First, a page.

Micah Frenkiel


Simon Eeles is a people person, and it shows. In his new book Far Far Rockaway, an ode to the skinny peninsula situated along the south shore of Queens, the Tasmanian-born photographer and former assistant to Craig McDean embraces his flair for composing images that are deliciously raw and unbridled in their artistic candor, plucking eccentric locals from their sunbathing outposts and sharing them with the world beyond the boroughs. “If people are already in their bikinis, they’re easier to approach and photograph,” Eeles says, “because they’ve already taken one more step towards being intimate.”

Perhaps it’s this logic that draws him, again and again, to coastal communities. After being named Young Photographer of the Year by Harper’s Bazaar in 2009, he returned to his native Australia and compiled a series of ethereal, light-drenched portraiture for his début book Australiana, released in 2016. As he embarked upon his most recent project, Eeles sought a similar goal in terms of his minimalistic approach to the craft, crediting his fabled mentor for his deliberately subtle style. “Craig gave me an education in a more fundamental type of photography,” he explains, “which is the ability to take things away instead of adding, to problem solve.”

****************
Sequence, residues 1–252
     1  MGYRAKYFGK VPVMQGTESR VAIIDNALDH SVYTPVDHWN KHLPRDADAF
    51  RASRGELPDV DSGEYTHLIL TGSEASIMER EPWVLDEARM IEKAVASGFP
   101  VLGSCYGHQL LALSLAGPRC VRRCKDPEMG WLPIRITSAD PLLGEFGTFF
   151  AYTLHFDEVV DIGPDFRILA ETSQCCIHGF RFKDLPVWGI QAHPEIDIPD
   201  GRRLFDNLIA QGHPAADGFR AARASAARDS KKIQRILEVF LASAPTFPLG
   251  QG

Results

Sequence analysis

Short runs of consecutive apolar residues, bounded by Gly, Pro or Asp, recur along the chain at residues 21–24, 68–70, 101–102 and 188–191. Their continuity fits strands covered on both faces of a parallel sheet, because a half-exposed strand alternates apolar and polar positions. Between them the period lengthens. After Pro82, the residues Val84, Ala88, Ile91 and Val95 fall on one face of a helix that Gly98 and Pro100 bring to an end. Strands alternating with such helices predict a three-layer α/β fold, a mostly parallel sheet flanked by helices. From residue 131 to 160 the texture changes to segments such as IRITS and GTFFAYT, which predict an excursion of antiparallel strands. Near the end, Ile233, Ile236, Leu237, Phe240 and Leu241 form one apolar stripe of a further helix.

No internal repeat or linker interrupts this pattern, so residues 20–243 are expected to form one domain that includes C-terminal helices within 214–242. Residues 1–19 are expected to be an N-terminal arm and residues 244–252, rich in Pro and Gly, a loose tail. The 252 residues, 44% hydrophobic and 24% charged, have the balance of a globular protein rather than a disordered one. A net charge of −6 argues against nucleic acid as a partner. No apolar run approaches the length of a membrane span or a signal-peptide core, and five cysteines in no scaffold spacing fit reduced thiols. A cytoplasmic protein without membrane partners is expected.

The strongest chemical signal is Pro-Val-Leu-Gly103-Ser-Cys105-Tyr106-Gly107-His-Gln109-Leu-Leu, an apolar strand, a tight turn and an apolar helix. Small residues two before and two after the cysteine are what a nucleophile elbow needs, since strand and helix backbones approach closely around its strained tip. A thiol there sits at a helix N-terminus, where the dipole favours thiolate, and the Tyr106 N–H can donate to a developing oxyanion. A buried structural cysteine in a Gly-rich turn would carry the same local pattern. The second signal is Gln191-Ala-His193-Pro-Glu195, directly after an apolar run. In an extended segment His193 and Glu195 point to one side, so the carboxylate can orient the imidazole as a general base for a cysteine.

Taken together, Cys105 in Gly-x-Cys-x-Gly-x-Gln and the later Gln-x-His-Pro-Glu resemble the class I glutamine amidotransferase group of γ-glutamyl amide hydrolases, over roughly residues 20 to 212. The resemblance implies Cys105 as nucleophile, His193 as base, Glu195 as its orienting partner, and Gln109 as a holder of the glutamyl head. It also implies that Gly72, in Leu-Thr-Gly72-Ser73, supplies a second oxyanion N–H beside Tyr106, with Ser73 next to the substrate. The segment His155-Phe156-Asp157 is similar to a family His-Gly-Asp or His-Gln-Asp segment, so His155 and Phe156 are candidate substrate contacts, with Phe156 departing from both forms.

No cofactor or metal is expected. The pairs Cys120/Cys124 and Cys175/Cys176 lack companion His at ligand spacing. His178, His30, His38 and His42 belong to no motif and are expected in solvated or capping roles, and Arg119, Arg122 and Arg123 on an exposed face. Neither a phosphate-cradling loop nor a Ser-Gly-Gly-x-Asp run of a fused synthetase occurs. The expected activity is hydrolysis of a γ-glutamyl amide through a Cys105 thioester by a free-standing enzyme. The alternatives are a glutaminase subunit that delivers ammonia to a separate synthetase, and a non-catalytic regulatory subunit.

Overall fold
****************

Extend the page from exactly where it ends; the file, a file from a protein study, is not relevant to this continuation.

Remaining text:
This philosophy leads Eeles from one project to the next, as he aims to become “a more social photographer,” maintaining the goal of “not diluting the message of the character within an environment.” In his new book, his new cast of characters ranges from potbellied beachgoers with the hardened expressions of your high school sweetheart’s father upon arriving at her home for the first time all the way to fabulous women with delightfully uneven suntans and crudely drawn tattoos, one of which reads “BEER” and hides behind her lower lip.

Despite his extensive time getting cozy with the local community, Eeles divulges that he has not, in fact, ever taken a dip in the water. “I love the Rockaways, but I wouldn’t swim in the water,” he admits. “My mate went swimming and said that there were nappies floating. That’s my message on the Rockaways. It’s a shit beach.”

Jokes aside, his affinity towards New York—even as he begins this next chapter in his new hometown of London—is highly evident in the photos he takes and the love letters they write. “This project is attributed to my time in New York,” he says. “This is New York for me.”

Far Far Rockaway is out now. Pick up your copy here.

Micah Frenkiel
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